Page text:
Bridal Veil Falls (Telluride)

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Bridal Veil Falls
Bridal Veil Falls Telluride CO3.jpg
Location Telluride, Colorado
Coordinates 37°55′09″N 107°46′12″W / 37.91917°N 107.77000°W / 37.91917; -107.77000Coordinates: 37°55′09″N 107°46′12″W / 37.91917°N 107.77000°W / 37.91917; -107.77000
Elevation 10,279 ft (3,133 m)
Total height 365 ft (111 m)
Watercourse San Miguel River
Bridal Veil Falls, taken from the base.

Bridal Veil Falls is a 365-foot (111 m) waterfall at the end of the box canyon overlooking Telluride, Colorado. Hiking and off-road trails pass by the falls and it has a hydroelectric power plant at its top. In winter the frozen shape of the falls forms an imposing challenge to intrepid ice climbers.

Description[edit]

Bridal Veil Falls is a two pronged waterfall.[1] The trail past the falls continues on to mountain meadows and mountain lakes above 10,000 feet (3,000 m).

The falls were opened briefly in the 1990s to ice climbers, but the area is private property so climbing has been legally prohibited since.[2] Referred to as a "mega classic" and "the most difficult waterfall ice climb in North America" some climbers have trespassed to take a crack at the imposing and dangerous climb, but a land purchase proposal and an insurance deal may change the situation.[2] Climbers were excited by the proposal in 2008 that would reopen the falls to climbers.[2] In 1978, Jeff Lowe and Mike Wiess became the first to summit the falls, the effort having been broadcast on ABC’s Wide World of Sports.[2]

The area around Bridal Veil Falls is subject to avalanche and controlled shelling to create controlled slides is an event popular with spectators and photographers. Reaching the top of the falls in winter can be a precarious venture, even for the experienced family that lives there.[3]

Electric power generation[edit]

The AC electric generator at Bridal Veil Falls is one of the oldest still operating in the US

A hydro-electric alternating current power plant, the Smuggler-Union Hydroelectric Power Plant built in 1907, sits on top of the falls, originally used to power the Smuggler-Union Mine. It was eventually owned by the Idarado Mining Company who decommissioned it in 1953. It was leased from Idarado by local resident Eric Jacobson in 1988 who restored the power house to operation in 1991 and lived in the residence with his family until 2010 when he gave up the lease. The Idarado Mining Company now owns and operates the power plant and sells the power. The power generated provides about 25 percent of Telluride's demand for electricity and the plant still contains its original 2300 volt Westinghouse Electric AC generator, one of the oldest AC generators still in operation.[4][5] In 1979 it was listed on the National Register of Historic Places.[6]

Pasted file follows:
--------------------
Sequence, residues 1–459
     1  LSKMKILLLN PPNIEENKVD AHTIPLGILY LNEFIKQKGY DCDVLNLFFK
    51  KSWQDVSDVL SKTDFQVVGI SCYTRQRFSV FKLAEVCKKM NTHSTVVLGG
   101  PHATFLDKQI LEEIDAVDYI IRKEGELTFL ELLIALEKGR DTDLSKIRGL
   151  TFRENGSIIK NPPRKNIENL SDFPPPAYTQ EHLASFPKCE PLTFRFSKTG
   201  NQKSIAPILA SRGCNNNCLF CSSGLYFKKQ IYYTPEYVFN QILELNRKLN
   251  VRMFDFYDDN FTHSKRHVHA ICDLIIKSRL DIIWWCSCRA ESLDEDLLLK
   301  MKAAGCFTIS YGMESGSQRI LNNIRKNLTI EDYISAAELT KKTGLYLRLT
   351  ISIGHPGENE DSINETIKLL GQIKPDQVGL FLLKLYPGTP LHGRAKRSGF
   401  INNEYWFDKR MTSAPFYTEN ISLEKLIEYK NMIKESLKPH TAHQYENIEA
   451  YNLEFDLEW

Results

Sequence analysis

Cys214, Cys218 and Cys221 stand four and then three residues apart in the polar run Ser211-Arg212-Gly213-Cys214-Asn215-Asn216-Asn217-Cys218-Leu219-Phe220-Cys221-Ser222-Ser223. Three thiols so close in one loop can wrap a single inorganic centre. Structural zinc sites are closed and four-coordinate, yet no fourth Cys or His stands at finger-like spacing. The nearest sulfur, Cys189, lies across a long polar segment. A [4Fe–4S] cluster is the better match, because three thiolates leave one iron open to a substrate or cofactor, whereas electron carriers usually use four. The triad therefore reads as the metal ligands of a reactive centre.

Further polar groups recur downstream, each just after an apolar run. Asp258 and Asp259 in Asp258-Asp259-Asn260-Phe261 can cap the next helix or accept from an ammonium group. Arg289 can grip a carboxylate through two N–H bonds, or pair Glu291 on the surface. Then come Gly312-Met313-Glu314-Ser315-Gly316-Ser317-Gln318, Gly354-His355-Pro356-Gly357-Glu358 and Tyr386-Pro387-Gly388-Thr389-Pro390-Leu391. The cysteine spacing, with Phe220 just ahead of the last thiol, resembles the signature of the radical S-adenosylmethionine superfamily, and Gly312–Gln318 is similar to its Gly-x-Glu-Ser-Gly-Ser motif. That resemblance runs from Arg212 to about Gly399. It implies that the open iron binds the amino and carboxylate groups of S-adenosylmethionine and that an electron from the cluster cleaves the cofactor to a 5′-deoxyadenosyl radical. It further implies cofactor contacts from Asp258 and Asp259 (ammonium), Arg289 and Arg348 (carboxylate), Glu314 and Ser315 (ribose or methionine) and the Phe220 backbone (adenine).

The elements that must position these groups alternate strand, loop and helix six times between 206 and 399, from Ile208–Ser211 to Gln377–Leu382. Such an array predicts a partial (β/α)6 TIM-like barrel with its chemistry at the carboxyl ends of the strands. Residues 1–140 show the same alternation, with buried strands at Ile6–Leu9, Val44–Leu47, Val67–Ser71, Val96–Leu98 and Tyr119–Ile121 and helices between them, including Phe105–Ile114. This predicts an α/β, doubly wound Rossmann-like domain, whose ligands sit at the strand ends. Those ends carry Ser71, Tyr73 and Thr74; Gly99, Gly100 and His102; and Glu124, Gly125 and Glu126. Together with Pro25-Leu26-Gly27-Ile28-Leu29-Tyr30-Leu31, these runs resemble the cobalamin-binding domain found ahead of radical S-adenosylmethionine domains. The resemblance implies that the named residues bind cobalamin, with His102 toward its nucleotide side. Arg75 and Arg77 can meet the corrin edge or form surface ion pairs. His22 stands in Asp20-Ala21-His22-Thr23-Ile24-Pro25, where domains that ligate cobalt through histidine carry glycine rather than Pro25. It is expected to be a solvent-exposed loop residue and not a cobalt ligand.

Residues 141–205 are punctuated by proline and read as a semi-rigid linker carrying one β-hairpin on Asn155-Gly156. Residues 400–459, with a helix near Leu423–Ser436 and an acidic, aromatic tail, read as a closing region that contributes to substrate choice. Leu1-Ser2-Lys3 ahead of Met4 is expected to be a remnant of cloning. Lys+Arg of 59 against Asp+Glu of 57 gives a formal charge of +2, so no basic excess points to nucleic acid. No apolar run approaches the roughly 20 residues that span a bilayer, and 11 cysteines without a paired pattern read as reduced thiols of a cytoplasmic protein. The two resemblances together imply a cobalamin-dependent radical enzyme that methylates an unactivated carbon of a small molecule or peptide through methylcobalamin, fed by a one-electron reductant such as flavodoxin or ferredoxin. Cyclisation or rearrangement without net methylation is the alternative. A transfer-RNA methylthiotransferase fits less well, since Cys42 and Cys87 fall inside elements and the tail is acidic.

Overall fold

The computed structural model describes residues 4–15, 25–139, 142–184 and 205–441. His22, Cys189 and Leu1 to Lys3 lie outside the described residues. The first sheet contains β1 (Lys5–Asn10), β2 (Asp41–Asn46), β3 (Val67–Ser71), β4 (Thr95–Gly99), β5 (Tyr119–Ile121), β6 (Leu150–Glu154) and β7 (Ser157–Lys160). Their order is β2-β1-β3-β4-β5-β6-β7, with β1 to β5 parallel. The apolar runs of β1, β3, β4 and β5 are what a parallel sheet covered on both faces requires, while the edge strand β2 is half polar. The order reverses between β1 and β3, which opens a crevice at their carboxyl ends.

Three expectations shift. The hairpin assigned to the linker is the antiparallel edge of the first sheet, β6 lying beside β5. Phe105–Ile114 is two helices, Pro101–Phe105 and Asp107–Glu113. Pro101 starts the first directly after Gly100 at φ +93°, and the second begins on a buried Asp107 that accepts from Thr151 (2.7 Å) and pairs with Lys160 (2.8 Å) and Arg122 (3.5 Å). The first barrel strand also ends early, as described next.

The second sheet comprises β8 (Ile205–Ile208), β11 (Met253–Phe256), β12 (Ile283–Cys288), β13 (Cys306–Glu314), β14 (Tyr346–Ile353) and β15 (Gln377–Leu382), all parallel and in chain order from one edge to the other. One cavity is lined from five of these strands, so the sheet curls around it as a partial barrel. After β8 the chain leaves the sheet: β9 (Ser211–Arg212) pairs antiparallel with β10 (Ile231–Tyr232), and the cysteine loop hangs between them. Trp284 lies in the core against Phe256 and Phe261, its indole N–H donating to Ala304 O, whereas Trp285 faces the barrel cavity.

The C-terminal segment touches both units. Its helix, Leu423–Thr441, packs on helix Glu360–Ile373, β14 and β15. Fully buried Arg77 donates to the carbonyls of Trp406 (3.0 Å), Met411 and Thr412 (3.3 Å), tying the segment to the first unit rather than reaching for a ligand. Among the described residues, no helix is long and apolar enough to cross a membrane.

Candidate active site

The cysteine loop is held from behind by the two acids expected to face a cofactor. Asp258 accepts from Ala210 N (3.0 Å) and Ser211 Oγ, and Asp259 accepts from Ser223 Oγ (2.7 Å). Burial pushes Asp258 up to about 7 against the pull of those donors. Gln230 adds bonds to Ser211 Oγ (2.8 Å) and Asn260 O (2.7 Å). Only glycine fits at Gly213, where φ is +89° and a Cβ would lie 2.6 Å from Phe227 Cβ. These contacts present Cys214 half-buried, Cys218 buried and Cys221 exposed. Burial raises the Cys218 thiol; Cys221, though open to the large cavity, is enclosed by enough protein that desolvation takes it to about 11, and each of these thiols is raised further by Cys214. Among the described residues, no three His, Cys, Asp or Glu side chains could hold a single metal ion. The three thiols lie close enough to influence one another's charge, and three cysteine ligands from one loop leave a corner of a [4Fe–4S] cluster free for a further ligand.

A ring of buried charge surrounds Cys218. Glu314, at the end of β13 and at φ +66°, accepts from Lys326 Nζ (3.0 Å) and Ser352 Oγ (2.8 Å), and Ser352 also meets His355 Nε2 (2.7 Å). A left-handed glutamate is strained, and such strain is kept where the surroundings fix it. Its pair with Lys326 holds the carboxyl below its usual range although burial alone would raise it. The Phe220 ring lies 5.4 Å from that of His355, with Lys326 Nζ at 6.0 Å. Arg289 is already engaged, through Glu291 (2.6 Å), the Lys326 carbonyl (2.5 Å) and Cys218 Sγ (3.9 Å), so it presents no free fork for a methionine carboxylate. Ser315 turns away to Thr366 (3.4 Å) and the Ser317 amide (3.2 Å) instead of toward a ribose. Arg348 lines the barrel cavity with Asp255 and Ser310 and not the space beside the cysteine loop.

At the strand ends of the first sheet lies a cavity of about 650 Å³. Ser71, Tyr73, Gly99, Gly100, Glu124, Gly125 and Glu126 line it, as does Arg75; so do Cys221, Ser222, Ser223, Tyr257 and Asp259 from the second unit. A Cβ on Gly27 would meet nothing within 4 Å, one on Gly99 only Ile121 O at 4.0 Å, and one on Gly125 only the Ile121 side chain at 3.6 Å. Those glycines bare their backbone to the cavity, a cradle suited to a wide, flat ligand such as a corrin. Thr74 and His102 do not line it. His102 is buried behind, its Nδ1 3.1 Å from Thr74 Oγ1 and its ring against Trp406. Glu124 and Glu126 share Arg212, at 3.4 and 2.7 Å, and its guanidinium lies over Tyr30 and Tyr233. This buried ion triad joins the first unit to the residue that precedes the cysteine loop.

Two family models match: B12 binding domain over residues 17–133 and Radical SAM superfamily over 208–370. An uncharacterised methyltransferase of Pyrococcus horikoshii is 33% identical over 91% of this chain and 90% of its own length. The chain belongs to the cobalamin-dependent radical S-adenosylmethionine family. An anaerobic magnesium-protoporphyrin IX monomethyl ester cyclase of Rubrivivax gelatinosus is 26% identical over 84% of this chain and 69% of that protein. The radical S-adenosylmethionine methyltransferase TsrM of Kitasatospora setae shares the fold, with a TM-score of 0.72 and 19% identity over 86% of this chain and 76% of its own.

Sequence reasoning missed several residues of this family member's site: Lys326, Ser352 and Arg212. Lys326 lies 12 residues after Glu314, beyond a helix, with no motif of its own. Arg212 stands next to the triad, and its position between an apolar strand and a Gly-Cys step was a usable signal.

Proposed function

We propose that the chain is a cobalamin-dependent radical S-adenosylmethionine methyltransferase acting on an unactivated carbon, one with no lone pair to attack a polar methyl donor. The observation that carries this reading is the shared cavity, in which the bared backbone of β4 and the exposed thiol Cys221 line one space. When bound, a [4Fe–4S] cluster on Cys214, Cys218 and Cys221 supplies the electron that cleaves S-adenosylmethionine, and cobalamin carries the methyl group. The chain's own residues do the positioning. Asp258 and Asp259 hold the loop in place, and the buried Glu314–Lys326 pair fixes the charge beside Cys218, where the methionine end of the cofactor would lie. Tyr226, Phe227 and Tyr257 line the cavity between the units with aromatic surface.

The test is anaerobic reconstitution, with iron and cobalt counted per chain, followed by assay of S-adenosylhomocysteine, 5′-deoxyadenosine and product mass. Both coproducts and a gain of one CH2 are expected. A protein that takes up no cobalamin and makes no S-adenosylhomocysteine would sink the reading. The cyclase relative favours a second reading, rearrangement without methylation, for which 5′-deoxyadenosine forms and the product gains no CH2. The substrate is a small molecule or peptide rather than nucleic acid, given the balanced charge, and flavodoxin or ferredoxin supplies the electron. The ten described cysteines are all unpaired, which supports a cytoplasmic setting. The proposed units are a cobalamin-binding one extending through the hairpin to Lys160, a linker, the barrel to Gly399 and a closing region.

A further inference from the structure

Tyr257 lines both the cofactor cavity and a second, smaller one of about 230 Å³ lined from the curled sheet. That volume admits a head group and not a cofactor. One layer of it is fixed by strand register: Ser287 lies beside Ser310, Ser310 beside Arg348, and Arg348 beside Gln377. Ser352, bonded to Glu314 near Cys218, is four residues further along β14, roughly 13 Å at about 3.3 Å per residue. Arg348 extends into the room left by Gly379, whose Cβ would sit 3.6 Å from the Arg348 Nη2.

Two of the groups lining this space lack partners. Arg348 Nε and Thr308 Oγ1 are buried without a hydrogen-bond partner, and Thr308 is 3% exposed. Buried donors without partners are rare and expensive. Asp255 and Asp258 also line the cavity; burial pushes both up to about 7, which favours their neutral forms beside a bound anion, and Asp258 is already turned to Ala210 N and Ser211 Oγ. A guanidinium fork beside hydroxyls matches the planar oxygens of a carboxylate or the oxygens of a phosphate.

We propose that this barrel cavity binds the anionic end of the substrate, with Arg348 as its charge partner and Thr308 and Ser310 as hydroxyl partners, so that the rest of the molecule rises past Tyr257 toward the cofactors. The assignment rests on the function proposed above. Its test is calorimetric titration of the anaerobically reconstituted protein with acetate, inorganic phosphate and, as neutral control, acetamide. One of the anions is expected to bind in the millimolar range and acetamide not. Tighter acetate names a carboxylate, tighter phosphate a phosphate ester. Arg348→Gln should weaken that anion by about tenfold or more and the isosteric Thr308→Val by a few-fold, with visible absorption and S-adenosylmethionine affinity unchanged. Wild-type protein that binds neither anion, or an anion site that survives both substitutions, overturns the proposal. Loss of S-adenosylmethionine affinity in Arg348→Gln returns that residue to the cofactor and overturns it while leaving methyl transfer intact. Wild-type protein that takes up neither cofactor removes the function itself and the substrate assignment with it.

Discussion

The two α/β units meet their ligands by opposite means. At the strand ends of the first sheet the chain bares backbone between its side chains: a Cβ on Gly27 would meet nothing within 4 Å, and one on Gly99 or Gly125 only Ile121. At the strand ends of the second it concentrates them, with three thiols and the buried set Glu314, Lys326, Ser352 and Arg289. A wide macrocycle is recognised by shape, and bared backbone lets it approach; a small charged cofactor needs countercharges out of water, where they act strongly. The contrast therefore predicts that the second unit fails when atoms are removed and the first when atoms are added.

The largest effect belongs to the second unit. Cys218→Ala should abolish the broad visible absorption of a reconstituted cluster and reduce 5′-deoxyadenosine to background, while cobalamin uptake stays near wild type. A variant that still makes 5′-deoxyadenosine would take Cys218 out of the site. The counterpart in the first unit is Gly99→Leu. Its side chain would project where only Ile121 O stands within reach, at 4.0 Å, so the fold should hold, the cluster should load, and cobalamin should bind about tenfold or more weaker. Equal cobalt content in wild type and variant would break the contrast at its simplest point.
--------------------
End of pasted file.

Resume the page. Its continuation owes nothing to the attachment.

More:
See also[edit]

References[edit]

  1. ^ "Bridal Veil Falls in Telluride, Colorado". AmazingColorado.com. Retrieved on 17 November 2008.
  2. ^ a b c d Capps, Reilly (September 29, 2008). "Bridal Veil ice climbing — open at last?". Telluride Daily Planet. Retrieved 2008-11-17. [dead link]
  3. ^ Healy, Pat (January 15, 2008). "Hunkered down at Bridal Veil". Telluride Daily Planet. Retrieved 2008-11-17. [dead link]
  4. ^ Whelan, M. "The History of Electrification: Ames and Smuggler-Union Power Plants at Telluride". Edison Tech Center. 
  5. ^ Colorado & Utah Tour Book. AAA. 2004. p. 130. OCLC 704555445. 
  6. ^ Williams, Roger Neville (December 7, 1977). "National Register of Historic Places Inventory - Nomination Form: Smuggler-Union Hydroelectric Power Plant" (PDF). National Park Service. Retrieved May 1, 2012. 

External links[edit]